UNICEF Ghana has marked the World's Children's Day in Accra to create an environment for children to be heard and listened to.
Members of the Children’s Parliament in Ghana shared their hopes for a better future and turned the Kwame Nkrumah Gardens into a bastion of hope with the various activities to mark the Day.
They spoke about how they perceived Ghana in the future by re-imagining a better country for children without early marriage and teenage pregnancy.
They also spoke about good sanitation, a country free of violence and a future where every child would have access to good education.
Among the high profile personalities who graced the occasion were Mr Charles Abani, the United Nations Resident Coordinator in Ghana, Madam Anne-Claire Dufay, UNICEF Representative in Ghana, and representatives from the Ministry of Gender, Children and Social Protection, who wished the children a happy Children's Day.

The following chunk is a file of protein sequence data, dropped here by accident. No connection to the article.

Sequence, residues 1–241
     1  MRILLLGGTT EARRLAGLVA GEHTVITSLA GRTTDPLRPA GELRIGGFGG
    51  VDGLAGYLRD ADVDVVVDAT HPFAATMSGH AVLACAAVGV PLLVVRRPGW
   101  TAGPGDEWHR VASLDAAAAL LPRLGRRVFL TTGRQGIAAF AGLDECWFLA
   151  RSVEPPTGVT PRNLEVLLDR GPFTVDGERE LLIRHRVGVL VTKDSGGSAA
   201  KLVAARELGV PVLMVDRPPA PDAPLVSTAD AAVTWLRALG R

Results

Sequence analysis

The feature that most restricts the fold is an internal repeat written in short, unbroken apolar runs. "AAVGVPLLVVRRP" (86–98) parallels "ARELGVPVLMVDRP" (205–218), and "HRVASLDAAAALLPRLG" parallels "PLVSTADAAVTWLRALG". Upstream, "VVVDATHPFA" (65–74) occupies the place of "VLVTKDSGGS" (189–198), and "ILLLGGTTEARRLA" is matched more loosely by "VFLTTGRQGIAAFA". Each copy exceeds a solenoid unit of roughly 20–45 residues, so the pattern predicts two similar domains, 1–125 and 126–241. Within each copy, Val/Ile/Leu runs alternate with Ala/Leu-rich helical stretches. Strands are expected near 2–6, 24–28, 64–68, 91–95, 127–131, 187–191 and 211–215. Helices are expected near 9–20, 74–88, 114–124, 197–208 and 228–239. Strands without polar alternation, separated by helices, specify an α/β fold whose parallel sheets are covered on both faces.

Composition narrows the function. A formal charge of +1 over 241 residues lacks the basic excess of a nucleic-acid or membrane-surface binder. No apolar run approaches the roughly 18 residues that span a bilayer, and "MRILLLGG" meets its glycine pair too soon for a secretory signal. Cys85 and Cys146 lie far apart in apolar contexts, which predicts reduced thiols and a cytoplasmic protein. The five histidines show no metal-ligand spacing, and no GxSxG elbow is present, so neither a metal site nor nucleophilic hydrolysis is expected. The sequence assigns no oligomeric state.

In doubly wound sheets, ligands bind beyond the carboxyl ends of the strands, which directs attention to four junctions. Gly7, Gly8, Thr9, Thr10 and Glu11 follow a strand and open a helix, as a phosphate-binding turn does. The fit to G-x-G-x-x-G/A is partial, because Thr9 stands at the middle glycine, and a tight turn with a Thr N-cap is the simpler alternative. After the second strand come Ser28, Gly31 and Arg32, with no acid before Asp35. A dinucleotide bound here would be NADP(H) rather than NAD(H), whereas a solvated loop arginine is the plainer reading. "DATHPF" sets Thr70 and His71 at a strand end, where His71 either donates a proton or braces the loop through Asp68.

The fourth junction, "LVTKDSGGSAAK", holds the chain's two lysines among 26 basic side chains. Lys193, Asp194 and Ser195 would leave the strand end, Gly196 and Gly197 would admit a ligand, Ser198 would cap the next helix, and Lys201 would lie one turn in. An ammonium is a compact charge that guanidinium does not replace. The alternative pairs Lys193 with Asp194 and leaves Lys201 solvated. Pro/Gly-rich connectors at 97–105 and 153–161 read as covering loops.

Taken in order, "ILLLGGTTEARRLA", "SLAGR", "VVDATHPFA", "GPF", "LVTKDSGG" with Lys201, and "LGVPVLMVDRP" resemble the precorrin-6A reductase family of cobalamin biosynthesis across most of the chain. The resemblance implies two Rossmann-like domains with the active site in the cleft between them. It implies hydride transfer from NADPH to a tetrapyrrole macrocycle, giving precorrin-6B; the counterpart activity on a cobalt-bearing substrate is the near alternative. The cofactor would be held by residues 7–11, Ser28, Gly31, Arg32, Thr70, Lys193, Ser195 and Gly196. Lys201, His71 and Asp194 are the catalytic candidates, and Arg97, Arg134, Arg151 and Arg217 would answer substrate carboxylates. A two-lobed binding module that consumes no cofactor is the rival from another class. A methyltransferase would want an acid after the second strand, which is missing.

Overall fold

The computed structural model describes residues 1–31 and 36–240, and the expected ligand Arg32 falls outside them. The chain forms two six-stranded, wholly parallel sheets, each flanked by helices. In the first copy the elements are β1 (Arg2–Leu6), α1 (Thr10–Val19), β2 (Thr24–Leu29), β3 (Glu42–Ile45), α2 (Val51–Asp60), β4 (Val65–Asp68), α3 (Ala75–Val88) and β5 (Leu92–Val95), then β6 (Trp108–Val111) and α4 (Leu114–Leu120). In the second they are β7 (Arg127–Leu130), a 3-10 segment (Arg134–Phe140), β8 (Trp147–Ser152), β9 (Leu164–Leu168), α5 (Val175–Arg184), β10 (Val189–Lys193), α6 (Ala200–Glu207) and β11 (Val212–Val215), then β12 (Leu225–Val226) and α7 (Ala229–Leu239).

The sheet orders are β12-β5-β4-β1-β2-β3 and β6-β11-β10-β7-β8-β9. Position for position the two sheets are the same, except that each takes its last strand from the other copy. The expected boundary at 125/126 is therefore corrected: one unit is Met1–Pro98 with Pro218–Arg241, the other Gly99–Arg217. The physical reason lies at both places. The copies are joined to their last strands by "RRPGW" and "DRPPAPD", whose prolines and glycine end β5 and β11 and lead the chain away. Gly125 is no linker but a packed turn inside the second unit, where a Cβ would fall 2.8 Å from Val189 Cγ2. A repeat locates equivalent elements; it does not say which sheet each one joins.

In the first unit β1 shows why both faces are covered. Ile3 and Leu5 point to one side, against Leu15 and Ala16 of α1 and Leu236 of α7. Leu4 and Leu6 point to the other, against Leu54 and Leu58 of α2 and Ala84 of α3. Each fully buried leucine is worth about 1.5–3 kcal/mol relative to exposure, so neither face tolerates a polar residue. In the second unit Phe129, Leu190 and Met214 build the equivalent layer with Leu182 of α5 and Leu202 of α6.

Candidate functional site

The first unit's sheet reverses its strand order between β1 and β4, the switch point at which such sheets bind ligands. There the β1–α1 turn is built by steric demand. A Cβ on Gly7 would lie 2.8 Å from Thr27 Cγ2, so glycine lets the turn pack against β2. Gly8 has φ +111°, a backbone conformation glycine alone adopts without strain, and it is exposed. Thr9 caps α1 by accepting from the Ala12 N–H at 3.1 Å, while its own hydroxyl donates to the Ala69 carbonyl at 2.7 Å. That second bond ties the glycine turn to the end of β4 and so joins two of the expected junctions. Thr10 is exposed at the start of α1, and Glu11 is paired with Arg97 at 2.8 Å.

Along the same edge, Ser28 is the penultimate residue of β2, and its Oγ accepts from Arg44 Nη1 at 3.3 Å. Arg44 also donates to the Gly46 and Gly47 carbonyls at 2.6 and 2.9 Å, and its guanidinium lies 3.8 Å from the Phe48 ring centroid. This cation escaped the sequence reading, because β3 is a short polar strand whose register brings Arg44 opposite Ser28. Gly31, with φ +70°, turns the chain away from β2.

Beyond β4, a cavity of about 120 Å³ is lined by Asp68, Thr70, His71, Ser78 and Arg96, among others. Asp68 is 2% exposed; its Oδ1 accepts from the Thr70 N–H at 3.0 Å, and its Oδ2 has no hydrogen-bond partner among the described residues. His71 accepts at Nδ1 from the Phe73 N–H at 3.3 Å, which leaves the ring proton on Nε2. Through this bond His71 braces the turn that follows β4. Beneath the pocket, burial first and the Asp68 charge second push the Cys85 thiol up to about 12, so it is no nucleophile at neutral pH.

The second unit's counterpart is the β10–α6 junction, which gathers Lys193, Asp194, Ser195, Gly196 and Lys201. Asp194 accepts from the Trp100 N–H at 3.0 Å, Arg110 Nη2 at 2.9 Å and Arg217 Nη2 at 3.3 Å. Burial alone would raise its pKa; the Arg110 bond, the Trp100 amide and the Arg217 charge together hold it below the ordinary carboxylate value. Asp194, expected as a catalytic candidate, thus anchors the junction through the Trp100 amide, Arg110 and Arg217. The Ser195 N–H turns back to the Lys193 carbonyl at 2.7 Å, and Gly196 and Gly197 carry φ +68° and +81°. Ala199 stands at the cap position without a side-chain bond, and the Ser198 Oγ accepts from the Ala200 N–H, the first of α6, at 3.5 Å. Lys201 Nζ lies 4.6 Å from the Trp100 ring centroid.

Madam Dufay, in an interview with the Ghana News Agency, said with the COVID-19 pandemic, a lot of children were out of school and expressed the hope that things would normalise for them to resume next year.
She said UNICEF was also reimagining a better future for children, especially the marginalised, so they could be protected and learn to improve on their talents.
She recounted that 30 years ago, in February 1990, Ghana became the first country to ratify the UN Convention on the Right of the Child, and that the country had drafted a Report, which would be submitted to a Committee on the Right of the Child in Geneva.
"This report is going to describe the situation of children, the gaps thereof and what remains to be done,” she said.
“And we know what the gaps are - early marriage, sanitation, safe water, clean environment without open defecation and of course learning - quality inclusive education for every child free of violence… is what we are imagining for every child in Ghana."
Madam Dufay lauded the Government for all the steps it had taken to contain the spread of the COVID-19.
Seventeen-year-old Leticia Nuruyang, a product of Wa Methodist School for the Blind, who was the Speaker of the National Children's Parliament, urged her peers to take their education seriously.
Master Albert Gyimah, a 13-year old student of Nyamfa-Okaikrom at Effiduasi in the Ashanti Region, said he reimagined Ghana where there was no open- defecation.
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